Brandon Dale was approaching the end of his sophomore year of college when he received distressing news. His brother had been in a severe car accident and suffered a broken nose and “psychological damage.” With final exams just around the corner, Dale suddenly had a more troubling concern than grades to worry about.
“I received the news from my mother three weeks before finals, and I didn't really know how or where to begin processing,” Dale, a Class of 2017 Brown University student and member of the Brown-RISD Catholic Community, said. “I was angry. Sad. And mentally exhausted. So I did what I always do whenever I need to process: pray.”
Dale’s story is not unusual. Life does not stand still for young people during their college years -- family, relationships, health and countless other “real world” issues arise in their lives to compound the ever-present pressures of academic success. For many students, personal spirituality and religious groups provide necessary support to guide them through this challenging time.
Millennials may question their faith, but that doesn’t keep them from finding time to pray. According to a study by the Integrated Innovation Institute at Carnegie Mellon University, 62 percent of U.S. adults aged 18-34 say they talk to God.
Engie Salama, a senior studying Global Health and Spanish at the University of Southern California, had a rude awakening during her freshman year when she failed an exam for the first time. At the time she was also struggling to maintain a prayer routine and decided to tackle both issues in one.
“The discipline required to pray is the type of discipline needed to study daily, so I endeavored to review one biology lecture after every prayer,” Salama said. “Praying helped balance out the stress and negative emotions I felt about the class and helped me overcome the mental block coloring my prior failure.”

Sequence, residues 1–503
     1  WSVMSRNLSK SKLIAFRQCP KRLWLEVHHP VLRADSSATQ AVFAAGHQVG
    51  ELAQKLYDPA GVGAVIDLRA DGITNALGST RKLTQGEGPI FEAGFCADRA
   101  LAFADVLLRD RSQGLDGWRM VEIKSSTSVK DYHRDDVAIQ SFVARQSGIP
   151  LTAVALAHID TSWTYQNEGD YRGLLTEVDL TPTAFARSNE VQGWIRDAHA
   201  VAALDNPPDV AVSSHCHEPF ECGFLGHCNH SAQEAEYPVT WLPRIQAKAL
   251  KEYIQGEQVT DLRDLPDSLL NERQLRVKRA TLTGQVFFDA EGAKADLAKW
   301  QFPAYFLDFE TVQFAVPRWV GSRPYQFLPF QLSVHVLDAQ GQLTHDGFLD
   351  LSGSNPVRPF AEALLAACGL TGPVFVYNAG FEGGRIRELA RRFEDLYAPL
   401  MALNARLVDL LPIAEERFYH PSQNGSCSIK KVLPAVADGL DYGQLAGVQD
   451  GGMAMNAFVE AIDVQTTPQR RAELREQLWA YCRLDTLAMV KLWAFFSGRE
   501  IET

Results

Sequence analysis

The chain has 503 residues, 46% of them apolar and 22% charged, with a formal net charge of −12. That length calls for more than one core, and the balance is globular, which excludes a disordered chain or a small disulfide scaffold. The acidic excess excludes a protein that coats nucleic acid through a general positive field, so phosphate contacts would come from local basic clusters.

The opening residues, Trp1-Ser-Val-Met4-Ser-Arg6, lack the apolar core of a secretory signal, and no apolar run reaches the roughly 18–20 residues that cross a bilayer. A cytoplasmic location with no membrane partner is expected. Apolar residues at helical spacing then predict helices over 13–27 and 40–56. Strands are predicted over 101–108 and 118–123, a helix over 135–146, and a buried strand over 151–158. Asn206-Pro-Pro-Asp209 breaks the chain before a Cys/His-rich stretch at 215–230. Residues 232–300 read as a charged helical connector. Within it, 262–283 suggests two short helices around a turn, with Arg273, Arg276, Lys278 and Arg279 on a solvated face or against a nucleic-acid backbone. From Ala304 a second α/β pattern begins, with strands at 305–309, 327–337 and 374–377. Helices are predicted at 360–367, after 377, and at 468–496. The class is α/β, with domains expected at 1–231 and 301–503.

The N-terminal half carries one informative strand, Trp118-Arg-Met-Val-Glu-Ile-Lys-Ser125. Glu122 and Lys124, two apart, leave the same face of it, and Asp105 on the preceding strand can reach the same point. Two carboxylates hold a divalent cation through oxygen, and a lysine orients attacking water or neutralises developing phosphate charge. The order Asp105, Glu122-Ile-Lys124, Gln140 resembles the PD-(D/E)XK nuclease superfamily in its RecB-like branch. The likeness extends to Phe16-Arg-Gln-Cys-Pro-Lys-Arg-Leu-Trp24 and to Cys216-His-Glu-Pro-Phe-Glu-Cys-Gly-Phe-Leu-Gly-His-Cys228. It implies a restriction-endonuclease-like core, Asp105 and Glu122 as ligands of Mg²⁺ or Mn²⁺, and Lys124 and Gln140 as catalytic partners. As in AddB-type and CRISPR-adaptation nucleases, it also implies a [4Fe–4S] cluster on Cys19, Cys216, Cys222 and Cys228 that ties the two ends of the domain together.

Prayer and meditation are often happen within community, and students often look for campus groups for support and to help them develop and express their faith.
“Religious and spiritual clubs on campus are sources of solace, support and solidarity that help students navigate through their undergraduate years,” Varun Soni, the Dean of Religious Life at the University of Southern California, told HuffPost.
Kevin Shen, who graduated from Yale University in 2011 and identifies as “agnostic with Christian and Buddhist influences," spent his last two years of college heavily involved with Indigo Blue, the school’s former Buddhist chaplaincy. It became like a second home.
“Bruce, the Buddhist chaplain, and the space he cultivated at Indigo Blue became an integral parts of my life and personal development,” Shen said.
Some colleges also have interfaith groups which bring students of many faiths and backgrounds together. These groups can offer a spiritual alternative to traditional faith groups, though many students participate in their own religious communities as well.
Salama has served as the president for both the USC Muslim Student Union and the Interfaith Council at University of Southern California. She knew before entering college that she wanted to participate in the MSU, but her involvement with the Interfaith Council developed more spontaneously when a friend brought her to a meeting.